Kapi`olani CC Receives Two NSF Awards

Kapiʻolani Community College
Louise Yamamoto, (808) 734-9513
Director, College Relations, Office for College and Community Relations
Posted: Sep 22, 2016

HONOLULU - Kapi‛olani Community College has received two federal awards from the National Science Foundation (NSF) worth nearly $4,000,000 to provide support for Native Hawaiian and other students from underrepresented populations. The first of these awards provides $1,000,000 to Kapi`olani CC to support the Science, Technology, Engineering and Mathematics (STEM) Program in recruitment of Native Hawaiian students for its Associates in Science and Natural Sciences degree. The second grant, for nearly $3,000,000, supports the education of Native Hawaiian pre-engineering students at Kapi`olani, Windward, Leeward and Honolulu Community Colleges and Maui College, with the goal of transferring to University of Hawai‛i at Mānoa College of Engineering and to careers in the workforce.

Scholarships in Science, Technology, Engineering and Mathematics

The Scholarships in STEM (S-STEM) award funded by NSF will provide $1,000,000 for a total of 110 scholarships to annual cohorts of sophomores, transferring juniors, and completing seniors for implementation of the project, "Cohorts Concentrating on Completing and Competing in the STEM Technical Workforce (C4) in Urban Polynesia." The project goal is to develop financial and programmatic supports primarily targeted for talented, low income Native Hawaiian and other underrepresented students to complete the College's two-year Associate in Science and Natural Sciences (ASNS) degree, successfully transfer and persist in their junior year and senior years.These students are intended to complete a four-year baccalaureate degree at the University of Hawai‛i and other research institutions.

The S-STEM award builds on the success of Kapi‛olani CC's first S-STEM project led by Dr. Robert Moeng, Professor of Biology, who served as the Principal Investigator for the project. Under Dr. Moeng's leadership, a total of 105 STEM majors received scholarships, and 70 successfully completed an ASNS degree or transferred to a STEM-related baccalaureate degree program. "Students who received scholarships funded by our prior S-STEM grant demonstrated improved success, persistence and graduation/transfer rates," explained Dr. Moeng.

Pre-Engineering Education Collaboratives

The NSF Pre-Engineering Education Collaboratives (PEEC) award will provide nearly $3,000,000 to fund a collaborative research project entitled, "Hawai‛i PEEC II" to build capacity at Native-Hawaiian-serving insitutions to prepare students for baccalaureate degrees in engineering, and entry into the STEM workforce. Kapi‛olani CC will lead a six-campus consortium of University of Hawai‛i campuses, which includes the University of Hawai‛i at Mānoa College of Engineering, Maui College, and Honolulu, Leeward and Windward Community Colleges.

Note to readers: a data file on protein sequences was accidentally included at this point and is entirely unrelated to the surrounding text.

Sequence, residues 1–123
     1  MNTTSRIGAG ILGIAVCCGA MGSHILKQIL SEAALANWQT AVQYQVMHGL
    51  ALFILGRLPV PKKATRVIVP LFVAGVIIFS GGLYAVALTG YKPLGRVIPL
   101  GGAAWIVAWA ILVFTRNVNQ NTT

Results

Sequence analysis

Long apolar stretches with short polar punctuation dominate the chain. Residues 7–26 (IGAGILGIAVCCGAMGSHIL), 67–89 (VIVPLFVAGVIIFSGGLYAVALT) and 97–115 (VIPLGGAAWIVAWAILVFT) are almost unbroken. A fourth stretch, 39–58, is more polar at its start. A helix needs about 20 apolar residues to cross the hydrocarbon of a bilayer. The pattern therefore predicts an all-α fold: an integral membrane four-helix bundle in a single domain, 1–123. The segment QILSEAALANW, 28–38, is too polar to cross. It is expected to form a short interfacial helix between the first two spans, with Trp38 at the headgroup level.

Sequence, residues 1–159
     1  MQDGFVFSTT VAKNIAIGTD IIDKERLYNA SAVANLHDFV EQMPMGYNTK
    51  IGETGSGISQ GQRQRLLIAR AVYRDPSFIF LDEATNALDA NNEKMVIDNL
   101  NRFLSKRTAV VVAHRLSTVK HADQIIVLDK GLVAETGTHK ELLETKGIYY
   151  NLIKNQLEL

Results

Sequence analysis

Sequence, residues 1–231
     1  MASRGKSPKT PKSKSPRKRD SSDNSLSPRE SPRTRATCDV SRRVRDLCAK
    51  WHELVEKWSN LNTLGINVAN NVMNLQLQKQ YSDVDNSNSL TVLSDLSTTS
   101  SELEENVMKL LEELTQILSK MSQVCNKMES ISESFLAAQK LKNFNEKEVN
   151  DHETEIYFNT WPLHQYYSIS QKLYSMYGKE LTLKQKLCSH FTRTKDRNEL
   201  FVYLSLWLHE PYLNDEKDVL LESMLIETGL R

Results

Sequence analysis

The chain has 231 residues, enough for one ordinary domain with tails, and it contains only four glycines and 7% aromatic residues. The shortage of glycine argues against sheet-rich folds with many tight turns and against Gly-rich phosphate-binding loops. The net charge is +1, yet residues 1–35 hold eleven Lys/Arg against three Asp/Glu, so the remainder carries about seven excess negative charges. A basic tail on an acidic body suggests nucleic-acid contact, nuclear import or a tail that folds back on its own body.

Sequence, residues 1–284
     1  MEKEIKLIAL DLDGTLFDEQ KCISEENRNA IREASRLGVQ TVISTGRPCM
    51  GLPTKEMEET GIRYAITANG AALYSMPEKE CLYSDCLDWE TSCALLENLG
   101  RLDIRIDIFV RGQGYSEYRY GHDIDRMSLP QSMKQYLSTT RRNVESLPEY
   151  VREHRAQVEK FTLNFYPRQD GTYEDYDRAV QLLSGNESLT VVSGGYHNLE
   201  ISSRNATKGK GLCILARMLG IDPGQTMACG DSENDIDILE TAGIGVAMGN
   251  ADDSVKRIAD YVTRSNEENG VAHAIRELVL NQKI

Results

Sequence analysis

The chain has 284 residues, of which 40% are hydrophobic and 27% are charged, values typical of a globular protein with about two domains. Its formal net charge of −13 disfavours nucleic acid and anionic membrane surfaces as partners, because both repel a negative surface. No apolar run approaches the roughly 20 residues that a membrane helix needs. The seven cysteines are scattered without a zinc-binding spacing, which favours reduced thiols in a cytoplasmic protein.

Hawai‛i PEEC II's benefits are twofold: In addition to its practical application to build capacity to improve Native Hawaiian graduation, transfer and persistence rates, the project will provide insight through its collaborative research structure to implement, investigate and evaluate the effect of discipline-specific undergraduate research on student success. Hawai‛i PEEC II extends the success of the initial PEEC project, which saw the development of a core pre-engineering curriculum and a dynamic community of practice in Engineering, engaging Native Hawaiian students in Summer Bridge programs, Undergraduate Research Experiences and Mentoring activities within the UH system and with community partners. The focus of the project was to support students through a rigorous program while making the learning relevant to Native Hawaiian cultural values and practices. The PEEC efforts supported 109 participants in Summer Bridge programs and 131 participants in Undergraduate Research Experiences and Mentoring activities. In addition, 110 students completed a two-year degree, 121 completed the Pre-Engineering core curriulum, and 60 obtrained a Bachelor of Science in Engineering from the UHM College of Engineering.

About the Kapi‛olani Community College STEM Program

The STEM Program received nearly $11 million in federal grant funding from the National Science Foundation since 2006 to build infrastructure for STEM education, undergraduate research experiences, peer mentoring, and scholarships for STEM majors. These grants help the STEM Program support Native Hawaiian and other underrepresented students to pursue an ASNS degree and transfer to a STEM four-year degree program.